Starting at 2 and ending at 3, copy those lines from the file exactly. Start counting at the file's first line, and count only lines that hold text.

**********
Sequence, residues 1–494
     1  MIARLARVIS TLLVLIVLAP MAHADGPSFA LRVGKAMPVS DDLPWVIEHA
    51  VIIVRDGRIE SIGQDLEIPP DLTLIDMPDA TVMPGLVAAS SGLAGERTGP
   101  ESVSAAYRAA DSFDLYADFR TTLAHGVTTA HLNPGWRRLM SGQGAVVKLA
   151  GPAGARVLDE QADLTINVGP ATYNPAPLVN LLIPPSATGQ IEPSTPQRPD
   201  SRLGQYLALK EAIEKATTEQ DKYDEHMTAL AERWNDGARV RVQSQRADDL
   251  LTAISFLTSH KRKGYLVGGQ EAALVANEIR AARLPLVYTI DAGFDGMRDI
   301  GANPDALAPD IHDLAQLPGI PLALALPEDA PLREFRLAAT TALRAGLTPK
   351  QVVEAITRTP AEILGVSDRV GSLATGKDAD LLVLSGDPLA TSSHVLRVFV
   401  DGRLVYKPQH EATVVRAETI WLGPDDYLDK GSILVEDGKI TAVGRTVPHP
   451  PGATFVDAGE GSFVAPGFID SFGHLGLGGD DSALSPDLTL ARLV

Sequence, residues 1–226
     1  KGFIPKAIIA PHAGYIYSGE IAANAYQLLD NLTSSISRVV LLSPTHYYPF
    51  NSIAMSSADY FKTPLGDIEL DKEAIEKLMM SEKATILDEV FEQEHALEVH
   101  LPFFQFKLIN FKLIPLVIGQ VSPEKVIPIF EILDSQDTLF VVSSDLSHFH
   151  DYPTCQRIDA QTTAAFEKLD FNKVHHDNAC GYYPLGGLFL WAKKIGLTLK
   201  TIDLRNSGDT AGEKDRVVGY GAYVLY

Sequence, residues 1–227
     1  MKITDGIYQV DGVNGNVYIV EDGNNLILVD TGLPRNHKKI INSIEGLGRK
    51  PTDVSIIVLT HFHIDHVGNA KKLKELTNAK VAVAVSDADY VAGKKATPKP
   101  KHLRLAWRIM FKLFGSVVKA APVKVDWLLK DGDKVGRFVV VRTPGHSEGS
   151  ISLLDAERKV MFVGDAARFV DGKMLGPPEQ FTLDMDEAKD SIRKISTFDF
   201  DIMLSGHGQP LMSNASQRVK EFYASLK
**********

     1  MIARLARVIS TLLVLIVLAP MAHADGPSFA LRVGKAMPVS DDLPWVIEHA
    51  VIIVRDGRIE SIGQDLEIPP DLTLIDMPDA TVMPGLVAAS SGLAGERTGP